The modern gardens (1944 - today)
Today we at National Parks Rivers and Beaches Authority aim at maintaining the gardens as an attractive, alluring, peaceful, soothing retreat where once can retire to admire the many beautiful trees, flowers, lush lawns and colourful foliage plants; or just relax in a tranquil shady atmosphere. For those with deeper botanical interest there is much to feast the eyes on and exercise the intellect.
The botanic garden now concentrates on the introduction and propagation of desired ornamentals and some fruits, viz, mangoes, avocado pears, citrus, pineapples and black pepper. Introductions of interesting plants are made from time to time to maintain and add to the collection.
There is a lovely and varied collection of hibiscus, ixora and bougainvillea, many beautiful tropical trees including the dazzling yellow poui, the red flamboyant, the immortelles, and various cassias such as the nice little c. biflora, the showy c. multijuga, the graceful c. fistula or golden shower, and the spectacular pink apple blossoms – c. javanica and c. nodosa. The beautiful purple and white petreas at their best in March/April, the incomparable poinsettias, double red, pink, yellow and white. A nice collection of frangipanis (plumeria) adorns the upper slope, supplemented by showy yellow ebonies from Jamaica, purple jacarandas, yellow and red cordias, the red African tulip tree (spathodea), kopsias; a whole range of white, pink, mauve, red and yellow bauhinias. Oleanders and allamandas too add their quota, along wit the bright yellow platymiscium (roble), the rare colvilleas, lignum-vitae and Jamaica akee (blighia).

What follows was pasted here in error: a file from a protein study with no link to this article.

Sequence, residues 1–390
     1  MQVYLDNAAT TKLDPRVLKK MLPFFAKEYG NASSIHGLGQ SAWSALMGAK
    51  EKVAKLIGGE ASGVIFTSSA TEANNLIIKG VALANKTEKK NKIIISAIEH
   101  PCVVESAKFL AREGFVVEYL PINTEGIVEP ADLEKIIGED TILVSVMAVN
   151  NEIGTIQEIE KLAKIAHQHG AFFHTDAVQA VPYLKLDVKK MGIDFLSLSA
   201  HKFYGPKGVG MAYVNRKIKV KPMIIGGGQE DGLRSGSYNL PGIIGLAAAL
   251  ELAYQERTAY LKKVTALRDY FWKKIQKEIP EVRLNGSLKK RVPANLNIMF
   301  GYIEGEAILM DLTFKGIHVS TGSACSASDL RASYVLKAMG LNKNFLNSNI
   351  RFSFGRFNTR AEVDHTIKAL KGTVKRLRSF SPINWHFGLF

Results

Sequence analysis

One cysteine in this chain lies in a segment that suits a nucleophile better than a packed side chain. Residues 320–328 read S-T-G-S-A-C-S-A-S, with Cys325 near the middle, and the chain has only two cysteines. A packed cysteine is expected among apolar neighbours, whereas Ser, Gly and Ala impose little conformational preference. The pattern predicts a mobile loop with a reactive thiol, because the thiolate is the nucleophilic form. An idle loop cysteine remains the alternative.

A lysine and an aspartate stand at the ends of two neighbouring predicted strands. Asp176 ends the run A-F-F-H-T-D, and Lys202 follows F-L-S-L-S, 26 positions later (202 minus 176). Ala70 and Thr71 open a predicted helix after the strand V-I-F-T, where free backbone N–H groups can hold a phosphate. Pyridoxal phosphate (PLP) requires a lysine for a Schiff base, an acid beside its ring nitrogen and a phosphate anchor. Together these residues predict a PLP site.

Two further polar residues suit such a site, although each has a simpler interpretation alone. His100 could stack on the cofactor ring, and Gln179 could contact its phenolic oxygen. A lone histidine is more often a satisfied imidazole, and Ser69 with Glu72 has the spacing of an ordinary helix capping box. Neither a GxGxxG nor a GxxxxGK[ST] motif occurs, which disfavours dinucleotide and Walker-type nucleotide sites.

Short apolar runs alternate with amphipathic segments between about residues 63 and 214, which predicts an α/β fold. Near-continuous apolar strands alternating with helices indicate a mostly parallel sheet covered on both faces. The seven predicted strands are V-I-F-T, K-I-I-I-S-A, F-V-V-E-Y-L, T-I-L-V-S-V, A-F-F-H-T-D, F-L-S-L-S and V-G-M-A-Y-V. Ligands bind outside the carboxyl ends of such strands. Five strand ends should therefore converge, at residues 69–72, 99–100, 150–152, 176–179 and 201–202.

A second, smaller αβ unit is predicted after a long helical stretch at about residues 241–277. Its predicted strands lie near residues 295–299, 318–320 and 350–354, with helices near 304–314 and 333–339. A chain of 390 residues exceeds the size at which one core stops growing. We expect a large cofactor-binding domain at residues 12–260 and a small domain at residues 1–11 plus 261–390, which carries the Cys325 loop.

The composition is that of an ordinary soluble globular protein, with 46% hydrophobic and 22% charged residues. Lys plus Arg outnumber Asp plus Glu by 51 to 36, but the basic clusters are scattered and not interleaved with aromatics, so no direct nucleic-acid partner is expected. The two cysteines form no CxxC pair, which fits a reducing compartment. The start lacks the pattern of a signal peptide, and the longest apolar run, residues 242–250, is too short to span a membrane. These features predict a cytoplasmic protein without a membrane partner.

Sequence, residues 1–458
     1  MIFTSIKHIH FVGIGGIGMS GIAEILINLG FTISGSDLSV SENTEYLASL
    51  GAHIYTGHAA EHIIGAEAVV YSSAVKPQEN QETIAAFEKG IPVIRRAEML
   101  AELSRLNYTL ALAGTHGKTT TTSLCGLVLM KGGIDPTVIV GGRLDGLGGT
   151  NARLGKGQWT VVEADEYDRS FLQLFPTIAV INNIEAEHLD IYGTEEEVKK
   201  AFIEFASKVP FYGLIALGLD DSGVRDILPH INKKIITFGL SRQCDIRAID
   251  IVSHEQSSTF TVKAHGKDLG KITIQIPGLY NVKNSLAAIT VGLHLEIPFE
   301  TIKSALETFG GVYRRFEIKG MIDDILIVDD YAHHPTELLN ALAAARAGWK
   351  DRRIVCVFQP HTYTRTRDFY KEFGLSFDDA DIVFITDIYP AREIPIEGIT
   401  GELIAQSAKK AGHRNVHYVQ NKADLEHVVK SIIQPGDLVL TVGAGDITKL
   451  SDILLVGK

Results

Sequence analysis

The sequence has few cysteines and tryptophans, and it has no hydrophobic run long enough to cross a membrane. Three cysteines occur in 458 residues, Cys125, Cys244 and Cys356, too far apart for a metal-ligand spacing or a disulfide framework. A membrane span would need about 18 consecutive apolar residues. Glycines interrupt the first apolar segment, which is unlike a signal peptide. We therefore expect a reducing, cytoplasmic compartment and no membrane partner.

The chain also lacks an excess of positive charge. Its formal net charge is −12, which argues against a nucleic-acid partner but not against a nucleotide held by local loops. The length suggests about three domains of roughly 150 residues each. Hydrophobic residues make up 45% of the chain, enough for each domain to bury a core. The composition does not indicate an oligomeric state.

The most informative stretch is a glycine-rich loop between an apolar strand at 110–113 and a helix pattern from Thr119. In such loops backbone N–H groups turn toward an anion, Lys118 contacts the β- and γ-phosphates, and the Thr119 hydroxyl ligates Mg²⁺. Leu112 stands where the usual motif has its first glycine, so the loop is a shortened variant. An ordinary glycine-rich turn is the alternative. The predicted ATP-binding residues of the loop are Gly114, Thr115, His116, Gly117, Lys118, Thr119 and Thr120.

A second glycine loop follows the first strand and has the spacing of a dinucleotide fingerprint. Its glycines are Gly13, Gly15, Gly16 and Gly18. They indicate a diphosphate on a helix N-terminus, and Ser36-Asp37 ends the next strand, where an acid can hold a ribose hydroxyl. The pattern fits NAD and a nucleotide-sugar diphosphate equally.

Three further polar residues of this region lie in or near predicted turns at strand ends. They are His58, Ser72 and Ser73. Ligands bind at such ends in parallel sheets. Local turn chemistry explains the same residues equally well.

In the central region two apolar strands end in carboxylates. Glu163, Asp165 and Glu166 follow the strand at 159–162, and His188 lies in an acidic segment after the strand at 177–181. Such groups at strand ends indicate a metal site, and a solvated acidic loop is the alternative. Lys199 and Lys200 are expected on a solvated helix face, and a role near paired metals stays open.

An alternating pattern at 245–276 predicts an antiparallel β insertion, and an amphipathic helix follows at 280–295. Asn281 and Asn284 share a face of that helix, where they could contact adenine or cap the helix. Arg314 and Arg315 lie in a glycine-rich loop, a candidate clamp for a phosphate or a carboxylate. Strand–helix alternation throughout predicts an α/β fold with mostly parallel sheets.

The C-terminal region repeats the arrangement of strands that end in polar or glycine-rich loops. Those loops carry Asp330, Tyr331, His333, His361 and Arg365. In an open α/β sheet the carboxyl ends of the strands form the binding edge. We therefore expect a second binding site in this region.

There is a nice collection of palms, tall and graceful, short and bushy, including the much sought after red-sheathed sealing Wax Palm. Useful trees such as mahogany, teak, samaan, red cedar, bullet, brazil nut, sapucaia nut, para rubber, castilloa rubber, and manihot glaziovii are there. So too spices such as nutmegs, all spice, cinnamon, cola, sapote, black pepper, cloves, vanilla, camphor and bay leaf. There are logwoods, calabash, browneas, albizzias, tamarind, gliricidia, casuarinas, angelines, breadfruit and breadnut, eucalupti, the leper oil tree, the strychnine tree and the much admired cannon-ball tree, a never falling favourite with strangers. The broadly spreading banyan, the variegated fig (ficus), the true fig, the variegated pandanus (screwpine) and the resplendent queen-of-flower tree together with the towering sterculia, mountain cabbage palms and the monkey pot tree, about complete the lot. There too, such notable exotic as the African baobab, the Peruvian balsam, the sausage tree; the candle tree and some unidentified specimens.
Before we close the list of trees though we must mention the incomparable mangosteen, reputed to be the best testing fruit in the world; and the one and only spachea perforata – a tree known from St. Vincent only.
There are a good many hedge-plants including acalyphas, barleria, thunbergia, pedilanthus, plumbago, “crotons”, aralias, graptophyllum, Barbados pride, eranthemum, casuarina and others. There are the famous travellers’ palm trees (Ravenaia), the bird-of-paradise (strelitzia) and recently lots of heliconias, gingers, alpinias, and the unique Hawaiian torch lily. The brilliant Easter lilies set the paths ablaze at Easter competing with the ever-blooming and unsurpassed tropical and lotus water lilies, the water hyacinth and the yellow water poppy for pride of place. A nice collection of shade-lovers including a host of impatiens, anthuria, calladia, tree and other ferns, begonias, xanthosomas and dieffenbachias or “dumbcanes”, about complete the list of attraction here. The highly scented ylang-ylang (canangra odorata) and the lady of the night (cestrum nocturum) together with the coffee and citrus in bloom impregnate the air with a wholesome, seductive fragrance.
Recently many conifers have been added among them the lovely Italian cypresses, araucarias, thujas, junipers, some pine (pinus) and potocarpus.
The above plants by no means exhausts the list but suffice we trust to what the appetite.